Thursday, January 5, 2012

"Where is the newborn king of the Jews?"

The Epiphany gospel this Sunday, Jan. 8, 2011, is a continuation of the Christmas story in Matthew's prologue to his gospel. This story is is portrayed by the coming of the Three Wise Men from the East to do Him homage. Our Discussion Questions will guide your Sunday Bible Study with family, friends and church groups.

The Greek word “epiphaneia” means “appearance” and in the western churches Epiphany commemorates the appearance (or revelation) to the Gentiles of Jesus as Savior. It is an ancient feast. It is known to have been observed earlier than 194 AD, and is therefore older than the celebration of Christmas.

Let's start with a question many are asking. Is Epiphany - Friday, Jan. 6, 2012 - a Holy Day of Obligation? Fr. John Zuhlsdorf explains in very clear terms.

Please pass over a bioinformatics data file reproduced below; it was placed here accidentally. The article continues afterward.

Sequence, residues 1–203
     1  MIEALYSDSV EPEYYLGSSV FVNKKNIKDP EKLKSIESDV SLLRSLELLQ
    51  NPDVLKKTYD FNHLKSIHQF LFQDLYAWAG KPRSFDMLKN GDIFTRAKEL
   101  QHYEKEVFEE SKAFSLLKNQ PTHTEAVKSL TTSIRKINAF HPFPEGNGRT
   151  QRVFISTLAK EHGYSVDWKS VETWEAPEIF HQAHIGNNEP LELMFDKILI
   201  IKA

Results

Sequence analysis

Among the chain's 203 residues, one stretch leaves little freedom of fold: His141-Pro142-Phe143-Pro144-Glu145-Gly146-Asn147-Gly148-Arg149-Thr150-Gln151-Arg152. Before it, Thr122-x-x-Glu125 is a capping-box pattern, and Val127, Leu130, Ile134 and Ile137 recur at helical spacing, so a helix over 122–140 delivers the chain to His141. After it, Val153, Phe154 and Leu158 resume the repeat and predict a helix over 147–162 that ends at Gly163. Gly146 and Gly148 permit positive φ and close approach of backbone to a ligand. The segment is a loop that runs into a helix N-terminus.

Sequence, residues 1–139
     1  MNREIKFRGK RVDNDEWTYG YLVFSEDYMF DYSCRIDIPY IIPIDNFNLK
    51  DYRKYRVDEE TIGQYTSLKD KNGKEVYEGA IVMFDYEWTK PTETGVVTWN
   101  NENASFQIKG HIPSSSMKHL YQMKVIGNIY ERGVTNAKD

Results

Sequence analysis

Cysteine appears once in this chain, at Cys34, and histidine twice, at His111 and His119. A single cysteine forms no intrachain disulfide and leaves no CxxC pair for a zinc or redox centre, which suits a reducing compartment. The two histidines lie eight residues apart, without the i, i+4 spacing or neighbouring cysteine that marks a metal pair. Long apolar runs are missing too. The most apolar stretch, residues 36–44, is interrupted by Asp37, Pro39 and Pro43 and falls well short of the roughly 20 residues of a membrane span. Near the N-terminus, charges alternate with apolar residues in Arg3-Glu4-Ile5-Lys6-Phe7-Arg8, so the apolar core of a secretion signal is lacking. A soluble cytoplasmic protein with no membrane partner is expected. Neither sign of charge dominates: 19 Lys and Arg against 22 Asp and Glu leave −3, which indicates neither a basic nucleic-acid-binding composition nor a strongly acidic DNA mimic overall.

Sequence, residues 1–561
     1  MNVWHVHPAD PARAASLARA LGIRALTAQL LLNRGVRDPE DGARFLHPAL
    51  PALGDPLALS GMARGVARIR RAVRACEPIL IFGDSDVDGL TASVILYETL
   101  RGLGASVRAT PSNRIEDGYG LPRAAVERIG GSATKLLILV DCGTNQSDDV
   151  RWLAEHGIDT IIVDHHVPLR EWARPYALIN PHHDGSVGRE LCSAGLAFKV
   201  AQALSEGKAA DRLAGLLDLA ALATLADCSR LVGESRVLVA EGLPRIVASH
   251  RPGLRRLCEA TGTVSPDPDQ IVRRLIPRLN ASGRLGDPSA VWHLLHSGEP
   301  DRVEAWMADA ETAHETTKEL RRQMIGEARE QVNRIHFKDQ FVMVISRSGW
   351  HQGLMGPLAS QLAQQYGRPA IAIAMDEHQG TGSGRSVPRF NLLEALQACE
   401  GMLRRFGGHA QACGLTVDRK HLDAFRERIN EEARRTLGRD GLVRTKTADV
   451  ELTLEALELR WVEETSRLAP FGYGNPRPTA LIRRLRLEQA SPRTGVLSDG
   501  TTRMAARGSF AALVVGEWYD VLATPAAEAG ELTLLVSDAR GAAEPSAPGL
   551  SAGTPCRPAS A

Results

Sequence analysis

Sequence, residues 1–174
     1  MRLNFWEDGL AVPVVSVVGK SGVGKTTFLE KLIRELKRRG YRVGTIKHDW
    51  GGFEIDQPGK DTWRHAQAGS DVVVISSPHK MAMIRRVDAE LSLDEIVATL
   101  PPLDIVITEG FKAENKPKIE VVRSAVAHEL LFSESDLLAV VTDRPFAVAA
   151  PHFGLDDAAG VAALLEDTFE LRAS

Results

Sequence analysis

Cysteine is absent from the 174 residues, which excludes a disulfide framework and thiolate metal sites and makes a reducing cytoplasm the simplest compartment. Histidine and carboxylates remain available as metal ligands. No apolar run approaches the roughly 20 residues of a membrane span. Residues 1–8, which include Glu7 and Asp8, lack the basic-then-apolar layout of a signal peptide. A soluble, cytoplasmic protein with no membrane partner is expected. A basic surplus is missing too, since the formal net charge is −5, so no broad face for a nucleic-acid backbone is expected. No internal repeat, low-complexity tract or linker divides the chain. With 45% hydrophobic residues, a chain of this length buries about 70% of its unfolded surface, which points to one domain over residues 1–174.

Manifestation of Christ to the World

We celebrate this Sunday the Epiphany of the Lord —by which we mean the Manifestation of Christ to the World. But just who were the Three Kings? Dr. Marcellino D'Ambrosio reveals just who they really were.

Fr. Alex McAllister SDS explains how Matthew in his Gospel presents us with two contrasting approaches. God reveals himself through the Scriptures and in the words of the Prophets to the People of Israel but He also reveals himself through natural phenomena such as the star the wise men followed. So the good news of Epiphany, Fr. Campion P. Gavaler, O.S.B. points out, is that Jesus is the revelation of God as one who offers Himself to us in love. Jesus is the epiphany of the invisible God in all the events of His life: as a helpless child lying in a manger, as a young man dying on the cross -- the ultimate revelation that God's glory is love.

But if we read the story carefully, we realize that far from being a children's tale, it is a tragic adult story. Fr. Thomas Rosica, CSB says the battle lines are drawn and the forces are being marshaled. A child is born at the same time as a death-dealing power rules. It is a classic story about innocence in the midst of evil, innocence betrayed by those who should have cared. And Fr. John Foley, S. J. elaborates more.

Bearing and Accepting Gifts